For a complete discussion of metformin as a potential cancer prevention agent, as well as other important evidence-based approaches to cancer prevention, order your copy of my new book, A Cancer Prevention Guide for the Human Race,now! For the price of a cheeseburger, fries, and a shake, you can purchase this landmark new book, and begin living an evidence-based cancer prevention lifestyle today!
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Disclaimer: As always, my advice to readers is to seek the advice of your physicianbeforemaking any significant changes in medications, diet, or level of physical activity
Dr. Wascher is an oncologic surgeon, professor of surgery, cancer researcher, oncology consultant, and a widely published author
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Copyright 2007 - 2010
Robert A. Wascher, MD, FACS
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Dr. Wascher's Archives:
12-12-2010: Metformin, Diabetes and Death
12-5-2010: Vitamin D and Depression
11-14-2020: Low Dose Aspirin Reduces Colorectal Cancer Risk
11-7-2010: Coffee, Tea, Caffeine and Brain Cancer Risk
10-14-2010: Gum Disease (Gingivitis) and Breast Cancer Risk
10-3-2010: Mammograms Between 40 and 49 Years of Age
9-19-2010: Fruits and Vegetables Improve Memory
9-12-2010: Low-Carb Diet and Risk of Death
8-1-2010: Physician Error
7-25-2010: Obesity and Cancer Risk
6-27-2010: Soy, Curcumin & Prostate Cancer Risk
5-30-2010: Medical Research Studies & “Spin”
5-9-2010: Soy Foods & Stomach Cancer Risk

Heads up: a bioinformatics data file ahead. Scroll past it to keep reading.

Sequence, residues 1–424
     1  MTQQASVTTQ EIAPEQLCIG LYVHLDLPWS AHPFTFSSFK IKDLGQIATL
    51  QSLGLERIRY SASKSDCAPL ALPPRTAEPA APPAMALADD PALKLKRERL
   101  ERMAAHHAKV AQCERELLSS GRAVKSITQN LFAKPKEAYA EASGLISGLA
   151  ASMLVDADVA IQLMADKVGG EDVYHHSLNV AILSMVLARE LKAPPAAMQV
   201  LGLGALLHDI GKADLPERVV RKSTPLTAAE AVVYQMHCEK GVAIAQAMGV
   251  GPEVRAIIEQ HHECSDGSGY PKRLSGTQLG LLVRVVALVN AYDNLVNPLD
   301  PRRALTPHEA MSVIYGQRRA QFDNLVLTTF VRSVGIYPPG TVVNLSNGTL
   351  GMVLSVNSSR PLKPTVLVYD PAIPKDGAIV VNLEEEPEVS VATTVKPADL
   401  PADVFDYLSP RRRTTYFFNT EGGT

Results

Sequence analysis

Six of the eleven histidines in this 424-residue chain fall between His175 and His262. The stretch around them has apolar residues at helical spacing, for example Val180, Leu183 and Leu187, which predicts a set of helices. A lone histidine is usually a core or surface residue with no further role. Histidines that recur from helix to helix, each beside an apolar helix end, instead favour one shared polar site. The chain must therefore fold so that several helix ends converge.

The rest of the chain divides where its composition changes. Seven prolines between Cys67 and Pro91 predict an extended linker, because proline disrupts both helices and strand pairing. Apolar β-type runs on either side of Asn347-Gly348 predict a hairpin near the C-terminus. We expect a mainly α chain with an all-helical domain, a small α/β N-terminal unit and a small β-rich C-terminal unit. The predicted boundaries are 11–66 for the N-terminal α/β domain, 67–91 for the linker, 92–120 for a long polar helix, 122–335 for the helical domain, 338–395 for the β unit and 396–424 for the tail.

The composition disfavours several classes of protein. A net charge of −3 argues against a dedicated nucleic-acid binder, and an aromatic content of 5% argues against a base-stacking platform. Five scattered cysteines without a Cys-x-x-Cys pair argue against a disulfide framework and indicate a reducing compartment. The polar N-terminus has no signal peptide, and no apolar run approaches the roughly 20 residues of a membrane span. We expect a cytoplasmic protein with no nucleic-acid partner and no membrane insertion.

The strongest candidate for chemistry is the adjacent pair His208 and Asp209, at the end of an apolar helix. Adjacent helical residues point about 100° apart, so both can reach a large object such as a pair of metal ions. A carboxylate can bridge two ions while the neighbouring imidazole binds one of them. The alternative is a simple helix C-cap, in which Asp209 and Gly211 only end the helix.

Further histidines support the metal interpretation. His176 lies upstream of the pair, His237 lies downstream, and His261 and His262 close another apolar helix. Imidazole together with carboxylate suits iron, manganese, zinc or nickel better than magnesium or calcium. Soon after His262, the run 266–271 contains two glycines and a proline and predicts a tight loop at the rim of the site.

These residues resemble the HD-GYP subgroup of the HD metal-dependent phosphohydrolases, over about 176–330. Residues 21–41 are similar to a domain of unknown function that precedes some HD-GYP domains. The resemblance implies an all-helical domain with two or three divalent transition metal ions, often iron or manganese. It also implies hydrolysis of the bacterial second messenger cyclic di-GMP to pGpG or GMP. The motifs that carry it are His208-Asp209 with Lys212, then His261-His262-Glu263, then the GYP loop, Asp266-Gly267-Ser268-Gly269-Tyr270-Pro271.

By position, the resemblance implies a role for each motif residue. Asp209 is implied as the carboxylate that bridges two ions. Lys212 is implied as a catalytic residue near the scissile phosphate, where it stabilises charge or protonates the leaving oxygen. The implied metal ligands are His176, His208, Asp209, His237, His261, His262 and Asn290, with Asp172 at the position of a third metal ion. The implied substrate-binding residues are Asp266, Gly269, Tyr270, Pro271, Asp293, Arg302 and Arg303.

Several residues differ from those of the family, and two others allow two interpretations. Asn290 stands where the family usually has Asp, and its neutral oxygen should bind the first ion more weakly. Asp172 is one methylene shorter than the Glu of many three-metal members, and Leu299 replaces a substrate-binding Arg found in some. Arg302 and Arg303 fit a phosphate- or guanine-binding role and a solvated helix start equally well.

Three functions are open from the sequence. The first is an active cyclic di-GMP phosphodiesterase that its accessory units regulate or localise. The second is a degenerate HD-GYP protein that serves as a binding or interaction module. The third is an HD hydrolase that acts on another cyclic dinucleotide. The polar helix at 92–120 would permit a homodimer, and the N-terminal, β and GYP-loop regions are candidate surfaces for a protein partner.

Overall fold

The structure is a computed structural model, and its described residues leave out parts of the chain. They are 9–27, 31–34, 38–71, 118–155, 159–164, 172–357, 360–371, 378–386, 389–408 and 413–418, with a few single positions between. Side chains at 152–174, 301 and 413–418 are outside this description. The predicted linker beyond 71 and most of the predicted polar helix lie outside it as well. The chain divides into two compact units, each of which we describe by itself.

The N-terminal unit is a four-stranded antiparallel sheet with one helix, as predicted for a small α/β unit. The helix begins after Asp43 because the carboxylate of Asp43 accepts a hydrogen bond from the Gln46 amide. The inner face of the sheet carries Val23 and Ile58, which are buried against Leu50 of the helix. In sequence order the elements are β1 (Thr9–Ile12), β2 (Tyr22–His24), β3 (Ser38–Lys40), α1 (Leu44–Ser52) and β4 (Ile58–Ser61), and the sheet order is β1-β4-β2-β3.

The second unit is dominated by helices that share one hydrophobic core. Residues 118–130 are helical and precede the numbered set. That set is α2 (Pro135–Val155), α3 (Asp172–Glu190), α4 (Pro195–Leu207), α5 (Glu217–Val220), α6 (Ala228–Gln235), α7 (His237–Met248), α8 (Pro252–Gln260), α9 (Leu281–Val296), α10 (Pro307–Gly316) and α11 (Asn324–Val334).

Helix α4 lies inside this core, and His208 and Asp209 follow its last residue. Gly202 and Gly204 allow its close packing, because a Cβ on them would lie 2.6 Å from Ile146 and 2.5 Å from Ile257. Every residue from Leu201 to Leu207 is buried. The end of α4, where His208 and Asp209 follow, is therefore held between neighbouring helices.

4-18-2010: Coffee Improves HDL Cholesterol Levels
3-28-2010: Aspirin & Breast Cancer Survival
3-21-2010: Obesity, Alcohol & Liver Disease
3-14-2010: Nuts, Diet & Obesity
2-28-2010: Soy Isoflavones & Recurrent Prostate Cancer
2-14-2010: Pancreatic Cancer Risk, Sodas & Juice
1-31-2010: Concord Grape Juice Improves Memory
1-24-2010: Mozart, Music, Babies & Health
1-17-2010: Breast Cancer, Physical Therapy & Lymphedema
1-3-2010: Ginkgo Biloba, Memory & Cognitive Health
12-20-2009: CT Scans & Cancer Risk
11-29-2009: Exercise & Prostate Cancer Risk
11-22-2009: Genistein (Soy Isoflavone) & Prostate Cancer
11-15-2009: Breast Cancer Treatment & Chronic Pain
1-8-2009: Vitamin D & Breast Cancer Risk
11-1-2009: Exercise & Prostate Cancer Risk
10-25-2009: HPV Virus & Risk of Breast Cancer
10-11-2009: Vitamin D & Falls in the Elderly
10-4-2009: Surgery, NSQIP, Complications & Death
9-27-2009 Stress, Heart Disease, Exercise & Death
9-20-2009: Vitamin D & Colorectal Cancer Survival
9-13-2009: H1N1 Swine Flu Update
9-7-2009: Green Tea, Aging & Lifespan
8-30-2009: Irritable Bowel Syndrome (IBS), Diet & Fiber
8-23-2009: Update on Prostate Cancer and Cryotherapy
8-2-2009: Honesty, Dishonesty & Brain Function
7-26-2009: Coronary Artery CT Scans & Cancer Risk
7-12-2009: Breast Cancer & Metformin (Glucophage)
7-5-2009: Prostate Cancer & Green Tea
6-21-2009: Red Yeast Rice, Statins & Cholesterol
6-7-2009: Diet, Soy & Breast Cancer Risk
5-31-2009: Diet and Prostate Cancer Risk
5-24-2009: Diabetes, Glucose Control & Death
5-10-2009: Hemorrhoids & Surgery
4-26-2009: Are We Really Losing the War on Cancer?
4-19-2009: Exercise in Middle Age & Risk of Death
4-12-2009: Can Chronic Stress Harm Your Heart?
3-15-2009: Depression, Stress, Anger & Heart Disease
10-26-2008: Smoking & Quality of Life
10-19-2008: Agent Orange & Prostate Cancer
10-12-2008: Pomegranate Juice & Prostate Cancer
9-21-2008: Does Tylenol® (Acetaminophen) Cause Asthma?
4-27-2008: Stents vs. Bypass Surgery for Coronary Artery Disease; The “DASH” Hypertension Diet & Cardiovascular Disease Prevention; Testosterone Therapy for Women with Decreased Sexual Desire & Function
4-6-2008: Human Papilloma Virus (HPV), Pap Smear Results & Cervical Cancer; Human Papilloma Virus (HPV) Infection & Oral Cancer; Hormone Replacement Therapy (HRT) & the Risk of Gastroesophageal Reflux Disorder (GERD)
12-16-2007: Honey vs. Dextromethorphan vs. No Treatment for Kids with Night-Time Cough, Acupuncture & Hot Flashes in Women with Breast Cancer, Physical Activity & the Risk of Death, Mediterranean Diet & Mortality